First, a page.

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SANS NewsBites is a semiweekly high-level executive summary of the most important news articles that have been published on computer security during the last week. Each news item is very briefly summarized and includes a reference on the web for detailed information, if possible.

Spend five minutes per week to keep up with the high-level perspective of all the latest security news. New issues are delivered free every Tuesday and Friday.

Volume XIV - Issue #21

March 13, 2012


Report Warns of Risk From China's Cyber Warfare Skills
Government Software Buggier Than Commercial Software
Geo-Location Data on Social Networking Sites Poses Threat to Military


Google Quickly Patches Flaws Exposed in Pwnium Exploits
More Symantec Source Code Posted to Internet
Hackers Claim to Have Stolen User Data From Porn Site
University Student Wins UK Cyber Security Competition
South Korean Police Make Arrests in Data Theft Case
EFF Says French Biometric Database Law Could Prove Slippery Slope for Civil Liberties
Apple Issues Safari Update
Secunia Discloses a Pair of Flaws in Safari Not Corrected By Apple

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Report Warns of Risk From China's Cyber Warfare Skills (March 7 & 8, 2012)

A report from Northrop Grumman for the US-China Economic and Security Review Commission says that China's cyber warfare skills could pose a risk to the US military "in the event of a conflict," describing the possibility of such a situation arising if the US ever needed to come to the defense of Taiwan. The report goes on to say that the difficulty of determining the true source of cyber attacks is a hindrance to responding to such attacks and delays decision making, which could be exploited by an adversary to gain advantage. The report also says that the Chinese military has begun testing its cyber attack capabilities in exercises. The report points out that the US does not have a policy for deciding on appropriate responses to large-scale cyber attacks.




[Editor's Note (Paller): In Joel Brenner's new book (Joel was the US Counter Intelligence Executive) he writes that China has 30,000 hackers in the People's Liberation Army and a connected private militia of 150,000, most with deep technical knowledge built through hands-on training and real work in cyber defense and offense and forensics. The US Department of Defense continues to sponsor a policy and program called "8570" that anoints people as "certified" for technical jobs in cyber security with tests that can be (and are being) passed by sales people and journalists and tens of thousands of others with no technical, hands-on skills. The people running that program know what they are doing and have told me "we cannot tell the Commanders that their security people don't know how to secure their systems so we have to let them all pass. If anyone at DoD actually cares about cybersecurity, he or she will change that policy. ]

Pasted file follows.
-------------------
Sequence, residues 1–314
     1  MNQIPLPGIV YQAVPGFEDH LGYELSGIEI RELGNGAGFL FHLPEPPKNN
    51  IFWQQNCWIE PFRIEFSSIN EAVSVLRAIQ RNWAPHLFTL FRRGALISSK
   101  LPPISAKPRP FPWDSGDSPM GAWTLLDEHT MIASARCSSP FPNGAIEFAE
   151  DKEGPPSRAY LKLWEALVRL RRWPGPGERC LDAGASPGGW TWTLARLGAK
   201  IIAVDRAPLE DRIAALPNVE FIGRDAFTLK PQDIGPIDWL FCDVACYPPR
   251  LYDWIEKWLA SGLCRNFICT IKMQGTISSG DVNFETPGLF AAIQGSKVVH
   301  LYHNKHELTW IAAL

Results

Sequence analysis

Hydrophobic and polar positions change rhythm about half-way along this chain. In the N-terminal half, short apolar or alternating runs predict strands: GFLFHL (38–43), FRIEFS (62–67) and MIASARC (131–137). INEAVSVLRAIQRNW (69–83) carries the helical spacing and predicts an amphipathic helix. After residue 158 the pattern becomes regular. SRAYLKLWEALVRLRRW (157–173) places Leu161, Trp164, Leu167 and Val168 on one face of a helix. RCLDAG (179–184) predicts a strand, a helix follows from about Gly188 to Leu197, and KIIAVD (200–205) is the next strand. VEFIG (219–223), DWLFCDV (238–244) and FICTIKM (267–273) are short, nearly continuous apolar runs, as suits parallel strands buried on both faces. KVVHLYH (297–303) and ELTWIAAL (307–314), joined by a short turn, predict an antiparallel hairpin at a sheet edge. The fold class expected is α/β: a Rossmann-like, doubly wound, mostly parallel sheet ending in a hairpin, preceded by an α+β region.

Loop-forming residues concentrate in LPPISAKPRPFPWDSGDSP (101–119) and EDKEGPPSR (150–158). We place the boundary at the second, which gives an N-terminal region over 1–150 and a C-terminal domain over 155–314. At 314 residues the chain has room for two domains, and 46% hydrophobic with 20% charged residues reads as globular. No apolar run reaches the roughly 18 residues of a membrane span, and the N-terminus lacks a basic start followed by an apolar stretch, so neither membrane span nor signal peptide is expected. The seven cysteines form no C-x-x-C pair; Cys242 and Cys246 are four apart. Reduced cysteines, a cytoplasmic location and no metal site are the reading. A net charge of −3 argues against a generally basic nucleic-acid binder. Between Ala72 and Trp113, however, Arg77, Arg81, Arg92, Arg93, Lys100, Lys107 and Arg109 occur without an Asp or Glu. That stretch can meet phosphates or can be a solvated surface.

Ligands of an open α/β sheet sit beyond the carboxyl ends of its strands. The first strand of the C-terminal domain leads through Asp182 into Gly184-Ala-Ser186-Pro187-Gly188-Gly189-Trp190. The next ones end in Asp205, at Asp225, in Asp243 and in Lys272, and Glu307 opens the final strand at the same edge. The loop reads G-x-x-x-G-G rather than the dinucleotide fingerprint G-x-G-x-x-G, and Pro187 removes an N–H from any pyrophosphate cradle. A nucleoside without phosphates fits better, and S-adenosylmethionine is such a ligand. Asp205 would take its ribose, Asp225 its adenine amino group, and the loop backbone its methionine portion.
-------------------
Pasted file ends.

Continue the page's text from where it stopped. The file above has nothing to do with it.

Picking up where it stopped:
Government Software Buggier Than Commercial Software (March 13, 2012)

Forbes magazine previewed a presentation at the upcoming European BlackHat conference in which he proves that developers of government software are allowing significantly more hackable security flaws to find their way into their code than those who develop programs for private industry. One reason he reports is that government contractors have an incentive to get add-ons to their work, and security flaws create add-on contracts.

Geo-Location Data on Social Networking Sites Poses Threat to Military (March 9 & 12, 2012)

The US Army is reminding soldiers that check-in and metadata contained in images posted online could provide information to those seeking to do harm. In 2007, photos taken on a base in Iraq after the arrival of a fleet of helicopters contained sufficient information to allow the enemy to launch a mortar attack that destroyed four of the Apache craft. GPS data are now embedded by default in images taken by many digital cameras.